The equities analysts at Swiss-based UBS are taking an increasingly dim view of the U.S. and global economies and are suggesting that investors should be reducing their equity exposure from “overweight” to what they call a “neutral tactical stance” of stocks, bonds and cash.

Equity market strategists Stephen R. Friedman and Thomas Berner, in a new report, cite an extremely weak Philly Fed Index last week and yet another weak housing report as clear indicators that the U.S. economy is “on the brink of a recession” even as other data still point to “very slow but positive growth.”

The two strategists expressed additional concern about the “stability in the Eurozone,” where European central banks in countries like France and Germany appear reluctant to wholeheartedly support Eurozone countries that are facing debt problems.

Friedman told On Wall Street, “Even though the market has corrected quite significantly and appears cheap, it could still go down.  We see very weak growth for the rest of the year, but at the same time we’re just one more shock away from a recession. The U.S. economy has recorded several body blows.” 

They’re not alone in those concerns.

Earlier Monday, PIMCO Managing Director and Co-Chief Investment Officer William Gross said on CNN that he felt a new U.S. recession was unavoidable because the Fed cannot lower interest rates further and because Congress is taking money out of the economy instead of trying to stimulate it with federal spending.

Gross also said that in Europe, the central banks “need willingness to actually write checks,” yet instead political leaders in the two largest economies, France and Germany, are talking about cutting budgets.

 The UBS strategists say they expect the debt situation in Europe to “remain a source of market turmoil” for at least the next few months. They call the policy response of European bankers and policymakers “ineffectual” and say they have so far remained “behind the curve” in confronting the Eurozone’s crisis.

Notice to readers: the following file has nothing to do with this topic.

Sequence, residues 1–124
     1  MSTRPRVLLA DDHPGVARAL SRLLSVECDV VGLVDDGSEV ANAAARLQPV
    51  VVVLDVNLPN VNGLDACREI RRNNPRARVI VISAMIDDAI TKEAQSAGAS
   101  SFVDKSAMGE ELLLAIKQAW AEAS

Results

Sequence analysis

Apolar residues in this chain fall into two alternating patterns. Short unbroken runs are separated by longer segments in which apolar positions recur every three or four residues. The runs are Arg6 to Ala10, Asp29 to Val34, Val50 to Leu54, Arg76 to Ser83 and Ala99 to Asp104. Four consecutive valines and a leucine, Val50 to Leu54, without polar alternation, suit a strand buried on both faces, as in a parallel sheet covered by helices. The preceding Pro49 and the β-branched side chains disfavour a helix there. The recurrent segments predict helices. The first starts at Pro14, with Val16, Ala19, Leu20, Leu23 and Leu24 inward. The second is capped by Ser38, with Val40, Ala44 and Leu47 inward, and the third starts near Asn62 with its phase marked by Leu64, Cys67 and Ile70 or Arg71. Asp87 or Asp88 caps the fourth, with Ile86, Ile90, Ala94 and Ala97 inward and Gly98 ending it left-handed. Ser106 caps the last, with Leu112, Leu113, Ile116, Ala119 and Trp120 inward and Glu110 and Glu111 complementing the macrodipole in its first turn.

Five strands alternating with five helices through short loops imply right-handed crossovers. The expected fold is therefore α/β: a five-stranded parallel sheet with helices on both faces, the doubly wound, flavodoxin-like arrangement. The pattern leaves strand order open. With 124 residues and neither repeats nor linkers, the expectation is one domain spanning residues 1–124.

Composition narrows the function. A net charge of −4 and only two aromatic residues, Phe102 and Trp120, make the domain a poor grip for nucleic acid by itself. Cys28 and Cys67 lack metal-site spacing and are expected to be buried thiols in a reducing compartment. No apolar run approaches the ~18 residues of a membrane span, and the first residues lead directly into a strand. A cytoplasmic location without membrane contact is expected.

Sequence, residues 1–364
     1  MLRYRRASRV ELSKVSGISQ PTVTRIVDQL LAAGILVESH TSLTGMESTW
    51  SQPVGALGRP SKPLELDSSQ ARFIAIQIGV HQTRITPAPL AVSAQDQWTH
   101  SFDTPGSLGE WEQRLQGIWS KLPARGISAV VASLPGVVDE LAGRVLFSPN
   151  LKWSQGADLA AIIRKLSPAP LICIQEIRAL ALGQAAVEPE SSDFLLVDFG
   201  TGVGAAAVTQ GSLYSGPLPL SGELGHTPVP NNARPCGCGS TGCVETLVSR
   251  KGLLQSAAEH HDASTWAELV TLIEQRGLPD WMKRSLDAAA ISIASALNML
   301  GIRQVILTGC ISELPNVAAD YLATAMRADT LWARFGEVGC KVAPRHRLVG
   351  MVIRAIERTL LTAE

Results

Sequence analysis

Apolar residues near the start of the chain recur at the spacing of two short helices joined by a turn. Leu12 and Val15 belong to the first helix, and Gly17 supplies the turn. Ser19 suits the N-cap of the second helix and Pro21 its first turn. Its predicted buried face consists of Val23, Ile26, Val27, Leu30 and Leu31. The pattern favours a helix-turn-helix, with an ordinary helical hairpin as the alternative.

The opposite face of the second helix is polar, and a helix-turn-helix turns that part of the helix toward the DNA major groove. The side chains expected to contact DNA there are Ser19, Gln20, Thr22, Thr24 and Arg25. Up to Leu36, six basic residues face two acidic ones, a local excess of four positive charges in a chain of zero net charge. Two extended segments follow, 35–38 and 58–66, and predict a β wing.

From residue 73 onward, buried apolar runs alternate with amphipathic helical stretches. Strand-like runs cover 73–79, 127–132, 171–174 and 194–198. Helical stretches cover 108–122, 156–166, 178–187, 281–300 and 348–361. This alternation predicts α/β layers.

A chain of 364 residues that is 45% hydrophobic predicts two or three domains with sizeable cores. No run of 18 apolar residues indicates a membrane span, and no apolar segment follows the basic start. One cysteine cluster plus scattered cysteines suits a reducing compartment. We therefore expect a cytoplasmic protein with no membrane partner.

The UBS analysts said, barring another shock, they expect U.S. equities overall to show “modest gains” over this year and 2012, with price-to-earnings multiples of forward earnings rising to 12X by the end of this year and 13X in 2012, with the S&P 500 Index possibly reaching 1,250 by year’s end this year, and 1,400 in 2012.

They note that the debt issue in the U.S. remains unresolved and add that with consumer sentiment low and falling, and economic growth stalling, near-term corporate capital deployment is “likely to remain conservative.”

Predicting GDP growth in 2012 to be an anemic 2.3%, the strategists warn that they don’t expect corporate earnings, which so far have been significantly outpacing U.S. GDP, to be able to maintain that “disconnect” for much longer.

All that said, they argue that equities “remain an attractive asset class,” particularly with bond yields now at a historic low and they conclude that “should the market decline further, a substantial pocket of value would emerge.”

Their advice to investors?

 “We’re not telling people to dump stocks, but it’s certainly not a buying opportunity yet either," Freedman said.